In 2002, Early resumed her WUSTL career as senior associate director of development. In that position, she ensured the university’s Annual Fund met its goals through her focus on the Danforth Circle and Patrons levels of support — which make up a full quarter of the fund — as well as Reunion class giving and African-American alumni participation.
Early’s successes were stepping stones to the position of leadership she holds today.
“I feel like everything I’ve done before has prepared me for this job as secretary to the board,” she says.
Juggling and Balancing
“Traffic cop” and “juggler” weren’t literally in the job description, of course, when Early sought the board secretary post. But she quickly found that directing the flow of people and balancing multiple metaphorical balls in the air were key parts of her position.
Board meetings involve 13 committee gatherings as well as the main board assembly, and Early makes certain that members on more than one committee don’t get double- or even triple-booked.
“It’s a bit like doing a puzzle,” Early says. “You’re moving people through a lot of different pathways, hoping everyone comes together when they’re supposed to — and so far it’s worked out.”
That Early is shining in her newest role doesn’t surprise David T. Blasingame, AB ’69, MBA ’71, executive vice chancellor for Alumni & Development Programs. Blasingame, who has worked with Early since her days at Olin, praised her writing skills, team-player approach and ability to bring about order.
“She’s very organized; she thinks things through; and she goes about her work in such a gracious way,” Blasingame says. “She is very trustworthy and a great people person; she builds wonderful relationships for the university and with her colleagues.”
Early’s pleasant personality also strikes a chord with Ann B. Prenatt, vice chancellor for Human Resources, who has interacted with Early at the university and through volunteer work in the wider St. Louis community.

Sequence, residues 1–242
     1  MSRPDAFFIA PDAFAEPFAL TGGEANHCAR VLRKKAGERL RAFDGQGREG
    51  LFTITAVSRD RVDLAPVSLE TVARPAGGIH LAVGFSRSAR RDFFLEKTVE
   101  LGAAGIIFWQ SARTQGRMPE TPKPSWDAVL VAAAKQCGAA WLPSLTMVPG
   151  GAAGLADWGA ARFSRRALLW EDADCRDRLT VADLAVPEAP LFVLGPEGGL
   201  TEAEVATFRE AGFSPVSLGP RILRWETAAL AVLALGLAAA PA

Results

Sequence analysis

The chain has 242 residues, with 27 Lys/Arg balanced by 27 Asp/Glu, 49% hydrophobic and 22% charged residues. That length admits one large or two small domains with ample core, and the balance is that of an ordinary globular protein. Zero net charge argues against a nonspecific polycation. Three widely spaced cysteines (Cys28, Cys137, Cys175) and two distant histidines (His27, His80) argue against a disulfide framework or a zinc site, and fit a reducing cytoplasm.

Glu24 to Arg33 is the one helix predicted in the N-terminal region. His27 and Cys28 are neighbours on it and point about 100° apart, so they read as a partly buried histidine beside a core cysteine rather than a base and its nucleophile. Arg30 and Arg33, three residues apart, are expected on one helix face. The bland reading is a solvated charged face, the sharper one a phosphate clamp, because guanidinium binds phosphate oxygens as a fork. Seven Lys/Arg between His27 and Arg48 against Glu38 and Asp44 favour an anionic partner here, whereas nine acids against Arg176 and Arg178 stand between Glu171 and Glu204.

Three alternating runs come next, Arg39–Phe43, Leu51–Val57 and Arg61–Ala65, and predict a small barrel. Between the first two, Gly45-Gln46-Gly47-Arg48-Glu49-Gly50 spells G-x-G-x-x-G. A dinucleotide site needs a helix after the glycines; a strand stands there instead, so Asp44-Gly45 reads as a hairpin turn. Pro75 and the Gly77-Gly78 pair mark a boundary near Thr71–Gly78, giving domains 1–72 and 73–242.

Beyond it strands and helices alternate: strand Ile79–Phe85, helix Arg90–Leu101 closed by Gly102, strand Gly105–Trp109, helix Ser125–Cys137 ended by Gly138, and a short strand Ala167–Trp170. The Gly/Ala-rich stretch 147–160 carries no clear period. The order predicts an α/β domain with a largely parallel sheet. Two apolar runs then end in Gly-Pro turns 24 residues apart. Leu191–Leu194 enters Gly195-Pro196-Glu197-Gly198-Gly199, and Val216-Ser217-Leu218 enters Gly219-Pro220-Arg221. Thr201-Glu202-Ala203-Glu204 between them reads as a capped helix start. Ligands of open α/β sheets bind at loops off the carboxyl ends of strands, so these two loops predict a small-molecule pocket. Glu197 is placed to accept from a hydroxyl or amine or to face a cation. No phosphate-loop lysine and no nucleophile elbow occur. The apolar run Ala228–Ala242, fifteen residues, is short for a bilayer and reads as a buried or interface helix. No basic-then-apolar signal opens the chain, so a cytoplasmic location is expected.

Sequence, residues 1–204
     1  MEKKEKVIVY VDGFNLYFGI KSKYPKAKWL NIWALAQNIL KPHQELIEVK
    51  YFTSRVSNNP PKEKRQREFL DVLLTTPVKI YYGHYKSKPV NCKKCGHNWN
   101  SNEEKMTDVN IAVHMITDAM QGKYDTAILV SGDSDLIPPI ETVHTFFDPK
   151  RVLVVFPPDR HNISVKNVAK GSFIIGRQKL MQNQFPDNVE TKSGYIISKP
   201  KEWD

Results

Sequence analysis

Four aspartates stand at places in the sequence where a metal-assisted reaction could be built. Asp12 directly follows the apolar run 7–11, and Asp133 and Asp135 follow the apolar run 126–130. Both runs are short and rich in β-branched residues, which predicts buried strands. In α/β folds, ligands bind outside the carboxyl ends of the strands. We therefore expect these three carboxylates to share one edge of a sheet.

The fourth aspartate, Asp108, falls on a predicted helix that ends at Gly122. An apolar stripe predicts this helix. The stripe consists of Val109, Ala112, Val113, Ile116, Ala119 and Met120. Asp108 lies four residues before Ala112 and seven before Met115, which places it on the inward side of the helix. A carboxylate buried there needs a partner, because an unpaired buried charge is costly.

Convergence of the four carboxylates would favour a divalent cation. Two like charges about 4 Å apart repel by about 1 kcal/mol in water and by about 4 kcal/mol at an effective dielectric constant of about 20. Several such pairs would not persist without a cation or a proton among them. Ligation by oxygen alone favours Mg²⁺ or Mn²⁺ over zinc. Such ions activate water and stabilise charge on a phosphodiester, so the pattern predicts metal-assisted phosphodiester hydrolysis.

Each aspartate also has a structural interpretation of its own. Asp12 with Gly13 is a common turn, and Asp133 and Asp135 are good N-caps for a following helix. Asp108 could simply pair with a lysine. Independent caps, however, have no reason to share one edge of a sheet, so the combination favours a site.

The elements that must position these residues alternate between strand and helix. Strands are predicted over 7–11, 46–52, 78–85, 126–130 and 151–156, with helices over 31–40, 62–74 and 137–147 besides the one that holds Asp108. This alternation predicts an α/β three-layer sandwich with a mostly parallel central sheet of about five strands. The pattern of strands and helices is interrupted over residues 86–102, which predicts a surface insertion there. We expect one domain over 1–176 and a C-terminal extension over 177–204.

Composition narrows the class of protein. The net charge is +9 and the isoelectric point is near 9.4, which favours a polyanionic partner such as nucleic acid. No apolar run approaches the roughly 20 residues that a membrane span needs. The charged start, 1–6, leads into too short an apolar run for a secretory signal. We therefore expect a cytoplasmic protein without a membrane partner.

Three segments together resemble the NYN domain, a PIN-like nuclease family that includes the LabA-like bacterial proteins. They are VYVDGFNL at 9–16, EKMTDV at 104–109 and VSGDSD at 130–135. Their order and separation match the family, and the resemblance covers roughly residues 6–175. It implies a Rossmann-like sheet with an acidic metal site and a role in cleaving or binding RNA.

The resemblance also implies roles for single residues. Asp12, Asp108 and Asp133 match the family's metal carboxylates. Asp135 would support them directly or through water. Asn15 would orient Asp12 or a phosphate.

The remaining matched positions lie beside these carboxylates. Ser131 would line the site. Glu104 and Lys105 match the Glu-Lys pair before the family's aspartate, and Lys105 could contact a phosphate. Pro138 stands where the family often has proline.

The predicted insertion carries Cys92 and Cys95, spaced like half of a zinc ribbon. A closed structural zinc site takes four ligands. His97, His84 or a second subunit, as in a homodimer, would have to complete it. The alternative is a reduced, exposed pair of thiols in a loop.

“When I think about Ida, I think about that big smile and the way she just seems to get things done without a lot of fanfare,” Prenatt says. “I’m sure there’s stress behind the scenes, but it isn’t evident in the way she conducts herself.”
While Early’s office — which includes two administrative coordinators — is “busy as it can be,” Early welcomes the challenges inherent in her job, which often involve navigating through changes and improvements.
For example, Early recently threw out the template for the Board of Trustees’ traditional one-day Friday meeting agenda and created a Thursday-afternoon–Friday-morning schedule, which ensures that out-of-towners can leave St. Louis in time to begin their weekend at home.
Early is happy to accommodate the Board of Trustees in any way she can because she knows they are critical to WUSTL’s success and prominence.
“The work they do is very important,” Early says. “They are entrusted with the care and stewardship of the university, so when they’re here, we make sure that every minute counts.”
Nancy Fowler Larson is a freelance writer based in St. Louis.